The next part will cover levels 26-50, but don't expect a full review next time, this is it. It will be more of an update. I know one thing I've got to look forward to is buying my mount at level 35, for the sum of 4 Gold and 250 Silver pieces. I'm already up to 3 gold thanks to my business in the Auction House, so I should have enough cash by the time I'm there.
Here he is boys and girls, the baddy of the story (so far) - the very naughty
Witch-King of Angmar.
Innovation and Cleverness: 7 out of 10
While LOTRO does indeed borrow a lot from WoW, it has undoubtedly improved upon the high standard set by Blizzard with the gameplay additions such as the Deeds, Titles, Traits, Hope/Dread, and in many other little ways. I can't give it full marks because after all it is based upon someone else's world. I can't imagine Tolkien would have ever imagined that people would be able to wander around a virtual Middle-Earth, or what he would have thought about the idea, but Turbine have done the best job possible in my opinion. They haven't just used the main book trilogy as their inspiration and source for material, it's obvious in the details they've put in that they're also very familiar with all of the back story as well, such as the The Silmarillion and the 12 volume History of Middle-Earth. This makes the world of LOTRO a very rich and exciting place to be, and while the lands that are currently unlocked aren't as big as the world in WoW there's actually more to do in that smaller space.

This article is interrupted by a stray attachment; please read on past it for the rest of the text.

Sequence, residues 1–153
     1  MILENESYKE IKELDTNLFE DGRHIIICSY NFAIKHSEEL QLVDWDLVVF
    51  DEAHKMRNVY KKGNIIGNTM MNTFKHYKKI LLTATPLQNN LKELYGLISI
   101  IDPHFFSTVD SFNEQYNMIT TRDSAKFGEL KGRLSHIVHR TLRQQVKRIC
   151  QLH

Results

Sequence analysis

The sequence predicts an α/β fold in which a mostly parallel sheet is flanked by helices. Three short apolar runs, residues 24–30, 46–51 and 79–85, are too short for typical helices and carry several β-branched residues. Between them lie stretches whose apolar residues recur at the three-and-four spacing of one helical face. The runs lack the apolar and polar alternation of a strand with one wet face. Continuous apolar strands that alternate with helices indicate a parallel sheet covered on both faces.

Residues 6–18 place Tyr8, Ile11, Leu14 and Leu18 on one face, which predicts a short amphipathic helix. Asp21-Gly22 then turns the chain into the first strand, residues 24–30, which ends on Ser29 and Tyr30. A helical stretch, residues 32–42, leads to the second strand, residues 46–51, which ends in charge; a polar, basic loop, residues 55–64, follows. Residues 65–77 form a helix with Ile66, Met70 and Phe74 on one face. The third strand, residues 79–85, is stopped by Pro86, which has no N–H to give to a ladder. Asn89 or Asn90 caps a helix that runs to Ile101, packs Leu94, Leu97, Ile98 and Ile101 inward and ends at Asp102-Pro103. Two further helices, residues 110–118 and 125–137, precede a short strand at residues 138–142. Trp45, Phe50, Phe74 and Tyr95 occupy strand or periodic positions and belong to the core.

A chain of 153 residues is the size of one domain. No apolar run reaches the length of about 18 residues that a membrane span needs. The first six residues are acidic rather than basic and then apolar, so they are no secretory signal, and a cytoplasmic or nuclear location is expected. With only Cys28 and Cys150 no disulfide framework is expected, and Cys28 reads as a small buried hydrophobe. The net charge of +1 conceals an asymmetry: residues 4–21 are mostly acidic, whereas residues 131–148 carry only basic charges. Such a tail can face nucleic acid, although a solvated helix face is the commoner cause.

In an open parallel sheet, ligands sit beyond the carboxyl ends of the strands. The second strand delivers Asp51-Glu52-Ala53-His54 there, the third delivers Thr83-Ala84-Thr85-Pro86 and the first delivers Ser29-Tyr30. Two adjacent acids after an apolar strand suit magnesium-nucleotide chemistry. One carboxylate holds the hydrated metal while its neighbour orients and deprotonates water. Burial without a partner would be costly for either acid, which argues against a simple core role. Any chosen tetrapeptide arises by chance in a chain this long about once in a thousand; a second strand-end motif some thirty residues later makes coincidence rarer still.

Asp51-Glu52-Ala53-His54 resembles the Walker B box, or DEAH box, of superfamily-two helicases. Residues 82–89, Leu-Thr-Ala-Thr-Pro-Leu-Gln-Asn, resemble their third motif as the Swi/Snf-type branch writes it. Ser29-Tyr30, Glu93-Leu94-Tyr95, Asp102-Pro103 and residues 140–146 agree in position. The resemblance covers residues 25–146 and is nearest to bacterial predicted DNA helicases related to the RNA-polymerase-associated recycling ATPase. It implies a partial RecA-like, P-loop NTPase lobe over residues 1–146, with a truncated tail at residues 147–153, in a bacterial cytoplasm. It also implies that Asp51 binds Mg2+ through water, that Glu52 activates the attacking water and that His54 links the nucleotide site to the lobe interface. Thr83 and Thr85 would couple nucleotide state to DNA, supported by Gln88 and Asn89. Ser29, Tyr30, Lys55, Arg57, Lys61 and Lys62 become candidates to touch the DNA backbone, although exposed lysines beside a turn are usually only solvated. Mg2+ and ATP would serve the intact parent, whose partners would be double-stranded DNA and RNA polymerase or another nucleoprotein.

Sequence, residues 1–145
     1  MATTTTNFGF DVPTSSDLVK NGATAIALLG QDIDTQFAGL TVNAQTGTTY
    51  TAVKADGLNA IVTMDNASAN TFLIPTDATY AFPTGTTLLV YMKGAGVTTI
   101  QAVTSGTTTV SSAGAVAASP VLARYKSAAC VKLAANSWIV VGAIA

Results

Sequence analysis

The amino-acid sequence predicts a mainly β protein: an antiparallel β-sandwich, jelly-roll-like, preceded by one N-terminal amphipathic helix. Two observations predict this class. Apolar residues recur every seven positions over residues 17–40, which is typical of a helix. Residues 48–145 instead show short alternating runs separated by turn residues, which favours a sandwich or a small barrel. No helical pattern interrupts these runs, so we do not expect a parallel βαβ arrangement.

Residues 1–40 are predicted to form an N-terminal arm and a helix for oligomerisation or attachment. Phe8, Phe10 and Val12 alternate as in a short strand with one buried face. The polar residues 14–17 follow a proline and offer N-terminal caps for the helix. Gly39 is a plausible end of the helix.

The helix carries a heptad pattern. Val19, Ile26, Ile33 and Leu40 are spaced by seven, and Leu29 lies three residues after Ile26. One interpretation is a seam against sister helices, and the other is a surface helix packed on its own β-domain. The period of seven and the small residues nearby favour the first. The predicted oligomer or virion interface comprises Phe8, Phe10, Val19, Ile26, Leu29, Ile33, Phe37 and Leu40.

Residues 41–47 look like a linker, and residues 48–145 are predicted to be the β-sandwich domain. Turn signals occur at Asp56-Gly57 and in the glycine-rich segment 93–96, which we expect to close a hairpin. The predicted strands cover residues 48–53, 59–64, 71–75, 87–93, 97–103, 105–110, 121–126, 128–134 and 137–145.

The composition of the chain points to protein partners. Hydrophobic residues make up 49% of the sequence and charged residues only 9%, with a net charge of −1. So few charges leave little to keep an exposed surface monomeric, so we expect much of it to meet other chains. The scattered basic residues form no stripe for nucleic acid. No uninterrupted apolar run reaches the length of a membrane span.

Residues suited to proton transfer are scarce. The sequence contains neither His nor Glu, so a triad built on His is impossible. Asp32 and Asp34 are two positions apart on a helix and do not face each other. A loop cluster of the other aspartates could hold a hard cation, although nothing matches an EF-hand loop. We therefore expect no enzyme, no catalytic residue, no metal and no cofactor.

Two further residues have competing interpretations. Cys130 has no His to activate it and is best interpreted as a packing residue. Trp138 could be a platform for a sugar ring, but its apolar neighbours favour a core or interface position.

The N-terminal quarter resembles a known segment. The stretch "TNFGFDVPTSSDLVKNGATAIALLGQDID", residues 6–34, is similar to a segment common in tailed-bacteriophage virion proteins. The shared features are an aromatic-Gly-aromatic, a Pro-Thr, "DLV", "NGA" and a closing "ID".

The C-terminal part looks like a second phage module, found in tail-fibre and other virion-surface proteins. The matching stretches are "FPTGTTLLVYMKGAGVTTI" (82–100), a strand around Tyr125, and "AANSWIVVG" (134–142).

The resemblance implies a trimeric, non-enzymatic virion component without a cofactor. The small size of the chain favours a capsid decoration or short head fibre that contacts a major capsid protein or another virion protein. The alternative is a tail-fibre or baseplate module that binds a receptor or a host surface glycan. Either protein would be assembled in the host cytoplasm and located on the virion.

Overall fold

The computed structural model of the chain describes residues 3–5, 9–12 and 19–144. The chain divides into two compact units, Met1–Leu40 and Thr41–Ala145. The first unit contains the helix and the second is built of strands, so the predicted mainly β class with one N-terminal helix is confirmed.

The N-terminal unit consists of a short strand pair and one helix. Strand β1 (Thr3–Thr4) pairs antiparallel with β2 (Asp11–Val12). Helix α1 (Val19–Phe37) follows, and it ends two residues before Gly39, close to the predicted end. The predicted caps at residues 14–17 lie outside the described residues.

Value and Replayability: 8 out of 10
The high score in this category is mainly for how replayable the game is. There are hundreds of quests, four races and seven classes which all play very differently thanks to their unique abilities. Like WoW, you can have more than one character on the go (I think the maximum is 7) so if you wanted to you could play a little of each class before deciding which one to concentrate your efforts on.
Whether a subscription based MMO could ever be called good value for money is debatable. In the case of LOTRO, you pay around £30 for the game and get 30 days free, then you have to pay another £9 for every month you want to keep playing after that. On the plus side, extra content and tweaks to the game are being added all the time by a dedicated support team which isn't free to provide after all. Personally, I traded in another game when I bought this, and got £22 for it so the game only cost me £8. I'm going to review how I feel about the game at the end of every month and if I'm not enjoying it or not playing it any more I will walk away - just like I did with WoW and Final Fantasy XI. There is currently a 7 day free trial available - but I have to warn you the game is so addictive you'll probably end up buying it if you try it!
Overall (for the first 25 levels): 9 out of 10
Fans of Lord of the Rings, be it in book or film form, will get a lot out of this. Those who have played WoW for months and are starting to get a bit tired of it may feel refreshed after a visit to Middle-Earth. At the moment, I'm still enjoying it despite the occasional run-in with a complete idiot (you get this in every online game, but it doesn't seem quite as bad as most in LOTRO because a lot of the people playing are quite intelligent).